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I need to make sour cream from scratch, but buttermilk is rare in Greece (as is sour cream btw). Any suggestions?

I have a recipee that calls for buttermilk, and I have prepared it by making butter from whipping cream. The buttermilk tastes sweet though. Can I use this to make sour cream by combining it with whipping cream? Thanks in advance!

Z..4 years ago
Interesting.

I would be inclined to add a teaspoonful of lemon juice to some thick cream. Then thin this to your desired consistency with milk.

I suggest you decant a small amount of cream-put a little lemon juice in it-add a little milk. In other words;-experiment! If it clots-no problem; it will still be good in your cooking.

Buttermilk is creamy, but quite sour. Wonderful healthy stuff,-great for making English scones!
marynass (author)  Z..4 years ago
So sorry, I've been out of touch for so long. Thank you for your suggestion. I am on  a quest for the perfect brioche these days, but I will be getting back to the SOUR question. thank you
Z.. marynass4 years ago
It's kind of you to reply.

The delectable brioche! I prefer this to croissants. I'm persona non gracia (sp) at a local upmarket that is selling a slightly sweetened, white and crusty roll as brioche!!

I told them it wasn't, and described brioche (slightly sweet, buttery, yellow, soft in texture-between bread and croissant),- the owner finishing the description!! So she already knew! BUT;- they are still charging for brioche,-and folk are paying for it? Go figure.



Z.. Z..4 years ago
'....a local upmarket café....'
Actually, you wouldn't want to add lemon juice. Adding acids to milk products tend to curdle them (adding lemon juice to boiling milk separates curds to make chenna, or Indian cheese). Although chenna is super yummy, it won't make sour cream.
Yes I know it will curdle, but I am referring to flavour rather than texture, and if used as an ingredient, the flavour will come out, and the curdling will be irrelevant.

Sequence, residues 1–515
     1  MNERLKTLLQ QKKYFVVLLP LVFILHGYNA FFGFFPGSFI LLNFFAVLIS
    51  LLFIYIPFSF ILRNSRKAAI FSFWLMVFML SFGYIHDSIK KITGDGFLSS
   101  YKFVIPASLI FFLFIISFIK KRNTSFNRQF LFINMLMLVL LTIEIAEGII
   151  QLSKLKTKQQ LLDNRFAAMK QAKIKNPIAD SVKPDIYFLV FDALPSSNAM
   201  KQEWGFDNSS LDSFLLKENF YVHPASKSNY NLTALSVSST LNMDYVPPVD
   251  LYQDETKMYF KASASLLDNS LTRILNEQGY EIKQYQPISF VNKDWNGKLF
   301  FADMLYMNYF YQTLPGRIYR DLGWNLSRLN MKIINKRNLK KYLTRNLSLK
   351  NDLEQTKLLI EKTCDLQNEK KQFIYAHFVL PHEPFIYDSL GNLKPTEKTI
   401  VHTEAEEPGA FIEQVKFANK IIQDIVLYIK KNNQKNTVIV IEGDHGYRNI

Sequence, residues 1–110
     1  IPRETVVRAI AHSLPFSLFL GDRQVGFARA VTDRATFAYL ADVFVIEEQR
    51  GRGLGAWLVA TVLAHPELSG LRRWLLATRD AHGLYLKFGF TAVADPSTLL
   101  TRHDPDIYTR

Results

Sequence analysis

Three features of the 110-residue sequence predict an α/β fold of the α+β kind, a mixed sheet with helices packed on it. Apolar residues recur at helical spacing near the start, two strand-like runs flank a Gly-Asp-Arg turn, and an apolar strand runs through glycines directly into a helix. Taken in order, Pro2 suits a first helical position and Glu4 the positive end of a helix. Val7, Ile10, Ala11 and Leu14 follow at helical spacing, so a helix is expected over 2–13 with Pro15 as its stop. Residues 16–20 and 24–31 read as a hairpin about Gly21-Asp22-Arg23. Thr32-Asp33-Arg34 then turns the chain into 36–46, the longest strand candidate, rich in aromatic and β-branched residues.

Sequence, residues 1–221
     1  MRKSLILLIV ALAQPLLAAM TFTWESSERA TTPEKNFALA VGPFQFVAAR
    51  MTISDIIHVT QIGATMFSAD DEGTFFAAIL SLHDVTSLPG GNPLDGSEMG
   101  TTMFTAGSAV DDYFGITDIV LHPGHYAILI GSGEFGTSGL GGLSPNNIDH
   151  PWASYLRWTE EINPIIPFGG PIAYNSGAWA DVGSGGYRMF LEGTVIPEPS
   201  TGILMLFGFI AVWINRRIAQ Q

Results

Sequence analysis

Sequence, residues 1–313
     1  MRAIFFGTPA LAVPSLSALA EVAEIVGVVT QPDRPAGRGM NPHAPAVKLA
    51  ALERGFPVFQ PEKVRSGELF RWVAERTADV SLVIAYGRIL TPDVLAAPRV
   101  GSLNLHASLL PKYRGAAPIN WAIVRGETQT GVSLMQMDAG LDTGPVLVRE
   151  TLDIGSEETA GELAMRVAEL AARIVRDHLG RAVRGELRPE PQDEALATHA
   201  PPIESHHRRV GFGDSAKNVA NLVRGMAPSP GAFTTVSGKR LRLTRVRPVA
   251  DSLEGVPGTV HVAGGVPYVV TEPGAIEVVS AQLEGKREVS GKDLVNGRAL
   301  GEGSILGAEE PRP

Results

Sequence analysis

My grandmother (from Pakistan), used to make her own paneer. It was excellent, and easy to do. I know it well. Paneer is made with milk, as opposed to my suggesting the use of cream for the 'buttermilk '.
Re-design4 years ago
Google "make sour cream". I did and many sites came up. The first two that I looked at had great instructions on making sour cream. One thing that I noticed is that you can't use pasturized milk. It kills the bacteria that cause it to sour instead of spoil. I don't like milk products so all this sounds GROOOOOOSSS to me, but my wife would love it. Good luck.
marynass (author)  Re-design4 years ago
So sorry, I've been out of touch for so long. Thank you for your suggestion. I am on  a quest for the perfect brioche these days, but I will be getting back to the SOUR question. thank you
Ummm.  Brioche sounds good right now.
orksecurity4 years ago
Plain yoghurt can often (but not always) be substituted from buttermilk and sour cream.
marynass (author)  orksecurity4 years ago
So sorry, I've been out of touch for so long. Thank you for your suggestion. I am on  a quest for the perfect brioche these days, but I will be getting back to the SOUR question. thank you
I second the yogurt comment.  There are ways to make sour cream as you can find by poking around the internet:

http://www.motherearthnews.com/Relish/How-To-Make-Sour-Cream-And-Cream-Cheese-Recipes.aspx

http://homecooking.about.com/od/dairyrecipe1/r/bldairy12.htm

I used to live in Albania (your Northern neighbors) and found myself craving for sour cream for my homemade burritos.  I used what they called "kitchen cream", which came in a paper box like a juice box, by the FastMilk in the 1 liter "juice box".  It's not refrigerated, so you might not recognize it! 

If you need it for a recipe ingredient, try the plain yogurt, especially if you can get sheep's yogurt (though it is too late in the year for that but you might get lucky).  While it's not sour, it will lend a nice tangy sourness to whatever you use it in, and I would mix it with milk to approximate buttermilk for my homemade biscuits. 

Sweet to be in Greece, I'm jealous.  I miss living in that region.  I'm in Japan now, which is nice, but I miss the Med big time.

Michael
poodle puff4 years ago
On second thought why don't you just use the Greek yogurt, the plain one they sell in Greece. That would work nicely. In the USA they call your yogurt "Greek Yogurt" because its thicker than American yogurt. I am familiar with both and your yogurt will work for sour cream My grandparents are form Art and Yannina. I have family in Corfu. so i know your food well
poodle puff4 years ago
I remember reading that you add a teaspoon of vinegar to regular milk and that can substitute for butter milk in recipes.
marynass (author) 4 years ago
Thank you all for your great suggestions. I will experiment and post results.
TheSodaJerk4 years ago
Im sure buttermilk powder can be bought online

http://www.amazon.com/Saco-Cultured-Buttermilk-16-Ounce-Canister/dp/B001E5E2BS/ref=sr_1_1?ie=UTF8&s=grocery&qid=1253150980&sr=8-1

this is added to milk to create buttermilk used in many recipes. It is shelf stable for a long time, enjoy
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